Meditation for Athletes
Updated: Jun 14, 2019
While preparing last year for the 70.3 in Dun Laoghaire, I paid more attention to the physical training that I did to my mental preparation. And I am not alone in this approach; it is a common theme for many athletes’ training plans. It would be more beneficial to make time within our training plans for some Mindfulness. This could help to counter our brain’s tendency for negativity. The voice inside our head, sowing seeds of doubt.
One aspect of Mindfulness that many athletes practice is Visualisation – picturing in our minds the perfect race. This is a technique of mentally practicing a situation before it actually happens. Thinking through the whole race, and using images in our minds to picture, or visualise, how we would enter the water, begin the swim, get into a really good stroke rhythm. We use this technique as part of our race preparation.
Mindfulness is also useful for reducing the stress that starts to build as a race nears. For this we can turn to meditation and mediation techniques. You may well be tempted to stop reading at this point, but I would urge you to bear with me. Just a little longer at least.
There is a lot written about the benefit of meditation for athletes. Kristin Keim at Headspace offers four reasons why every athlete should meditate – To reduce stress; To improve sleep patterns and aid recovery time; To improve endurance performance and To improve a sense of Self.
There is an interesting article on the Training Peaks site written by Heather Casey,where Heather recommends using a guided meditation video (there are a lot on YouTube) or an App (such as Headspace, Calm, or the one I use, Smiling Mind) and finding a comfortable place to spend 10-20 minutes of uninterrupted time. I have taken to sitting on one of the benches overlooking Greystones South Beach or the Cove early in the mornings. But really the location can be anywhere.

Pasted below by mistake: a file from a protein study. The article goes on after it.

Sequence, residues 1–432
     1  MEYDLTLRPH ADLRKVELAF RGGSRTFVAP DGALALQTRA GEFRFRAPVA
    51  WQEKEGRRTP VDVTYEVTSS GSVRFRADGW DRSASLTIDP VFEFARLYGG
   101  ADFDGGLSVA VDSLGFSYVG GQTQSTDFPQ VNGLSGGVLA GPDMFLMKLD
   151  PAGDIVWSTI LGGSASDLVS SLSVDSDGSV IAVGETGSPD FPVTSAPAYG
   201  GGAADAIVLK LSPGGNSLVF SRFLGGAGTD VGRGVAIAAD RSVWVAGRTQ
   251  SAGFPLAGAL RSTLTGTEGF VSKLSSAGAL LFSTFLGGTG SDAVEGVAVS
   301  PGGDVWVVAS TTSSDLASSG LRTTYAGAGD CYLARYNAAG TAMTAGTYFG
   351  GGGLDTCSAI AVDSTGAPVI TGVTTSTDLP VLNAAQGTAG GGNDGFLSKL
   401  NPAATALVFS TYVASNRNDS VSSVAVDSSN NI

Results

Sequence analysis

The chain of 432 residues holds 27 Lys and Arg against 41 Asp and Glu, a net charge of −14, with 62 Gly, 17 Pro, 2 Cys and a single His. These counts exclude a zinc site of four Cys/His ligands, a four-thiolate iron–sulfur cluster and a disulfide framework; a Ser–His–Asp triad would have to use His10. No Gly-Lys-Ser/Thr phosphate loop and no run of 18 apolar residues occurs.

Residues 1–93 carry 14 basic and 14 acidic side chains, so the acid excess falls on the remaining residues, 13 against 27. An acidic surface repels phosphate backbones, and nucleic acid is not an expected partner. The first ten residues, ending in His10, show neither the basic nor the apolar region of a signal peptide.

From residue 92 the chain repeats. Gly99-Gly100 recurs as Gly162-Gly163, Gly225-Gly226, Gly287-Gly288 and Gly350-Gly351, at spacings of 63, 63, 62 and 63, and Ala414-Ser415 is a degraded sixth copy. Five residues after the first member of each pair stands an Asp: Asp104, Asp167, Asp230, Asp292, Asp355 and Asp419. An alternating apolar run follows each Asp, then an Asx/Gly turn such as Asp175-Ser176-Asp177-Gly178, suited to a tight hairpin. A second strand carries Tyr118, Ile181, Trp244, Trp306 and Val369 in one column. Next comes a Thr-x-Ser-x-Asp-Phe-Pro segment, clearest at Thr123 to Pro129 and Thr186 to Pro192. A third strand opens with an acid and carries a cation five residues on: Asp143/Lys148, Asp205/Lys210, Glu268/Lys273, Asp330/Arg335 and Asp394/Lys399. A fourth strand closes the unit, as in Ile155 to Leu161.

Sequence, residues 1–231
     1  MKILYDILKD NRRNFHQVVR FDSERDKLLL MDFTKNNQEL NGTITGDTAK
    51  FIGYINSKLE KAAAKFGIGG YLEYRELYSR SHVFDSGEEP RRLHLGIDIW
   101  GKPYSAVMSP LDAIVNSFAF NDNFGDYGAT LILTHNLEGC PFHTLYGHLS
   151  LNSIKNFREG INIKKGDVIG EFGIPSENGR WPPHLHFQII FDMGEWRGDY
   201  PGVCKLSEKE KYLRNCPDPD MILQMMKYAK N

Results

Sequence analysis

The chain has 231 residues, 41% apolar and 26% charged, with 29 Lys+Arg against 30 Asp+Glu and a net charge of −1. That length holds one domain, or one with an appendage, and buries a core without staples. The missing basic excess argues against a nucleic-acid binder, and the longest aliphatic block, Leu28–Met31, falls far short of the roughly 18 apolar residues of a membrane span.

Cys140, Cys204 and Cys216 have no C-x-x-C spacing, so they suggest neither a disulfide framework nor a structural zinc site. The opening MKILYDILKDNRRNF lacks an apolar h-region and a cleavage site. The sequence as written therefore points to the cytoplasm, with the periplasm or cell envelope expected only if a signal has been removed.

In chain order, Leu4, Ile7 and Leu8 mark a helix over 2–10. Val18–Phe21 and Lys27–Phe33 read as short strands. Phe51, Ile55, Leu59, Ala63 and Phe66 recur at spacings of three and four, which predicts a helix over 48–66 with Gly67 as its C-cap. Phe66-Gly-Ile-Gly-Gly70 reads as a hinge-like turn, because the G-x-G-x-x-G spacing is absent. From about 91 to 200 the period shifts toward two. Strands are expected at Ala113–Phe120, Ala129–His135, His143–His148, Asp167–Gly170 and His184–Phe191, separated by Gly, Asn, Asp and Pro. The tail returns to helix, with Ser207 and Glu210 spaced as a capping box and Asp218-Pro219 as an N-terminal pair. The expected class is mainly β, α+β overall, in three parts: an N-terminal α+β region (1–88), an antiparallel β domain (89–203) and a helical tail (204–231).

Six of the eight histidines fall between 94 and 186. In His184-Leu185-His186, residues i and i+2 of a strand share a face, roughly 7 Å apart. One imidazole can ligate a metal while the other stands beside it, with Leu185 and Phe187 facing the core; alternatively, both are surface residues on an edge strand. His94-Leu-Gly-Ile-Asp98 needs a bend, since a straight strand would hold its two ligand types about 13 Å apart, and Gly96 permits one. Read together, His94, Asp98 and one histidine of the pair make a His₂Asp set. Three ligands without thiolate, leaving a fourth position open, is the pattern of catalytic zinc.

And meditation is not so difficult. You do not need to chant anything, though you can if that helps. You do not need to sit really; but again, it helps in the beginning as you learn the skill of focusing your thoughts on nothing. Focusing all of your concentration on your breathing, on your body, on how it feels to sit on the bench, to place your feet on the ground. And if a thought does drift into your head, a distraction to your meditation? No matter. Just let it slip away, and return to the concentration on your breath or your body.
I said that you do not need to be sitting to meditate. There are techniques for meditating as you stand still, or as you walk around. One such standing mediation that I have just started practicing is Zhan Zhuang – an ancient Chinese form of standing meditation, a sort of static yoga. It is a simple but very effective and potent technique. Zhan Zhuang means "Standing Like a Tree" and it is a fundamental element of the Tao philosophy that gave us Tai Chi, martial arts and spiritual development. It offers many of the benefits of mindfulness training; benefits that can be realised almost immediately. It is a powerful exercise to enhance energy, mental clarity, and internal strength. As a standing meditation technique, it is excellent for enhancing productivity and delievering more energy in anything you attempt. It can also bring on sensations such as numbness, aching, tingling and changes in your body’s temperature.
If you wish to learn more about Zhan Zhuang, I would recommend watching a series of ten YouTube videos by Lam Kam Chuen. Each clip is about 10 minutes long, and introduces you to the various positions and poses. Once you get started, you don’t have to take so long for each practice session; I began my training sessions with 1-2 minute sessions at first, to reduce the onset of any of the initial sensations. This had an added bonus of allowing my body to get used to the various techniques.
And if you wish to read more about Zhan Zhuang, I found an easy-to-read article by Scott Jeffrey, a Life Coach based in USA. Scott lists links at the end of his article for further reading.
I wish you all every success as you prepare for your races. The very best of fortune to you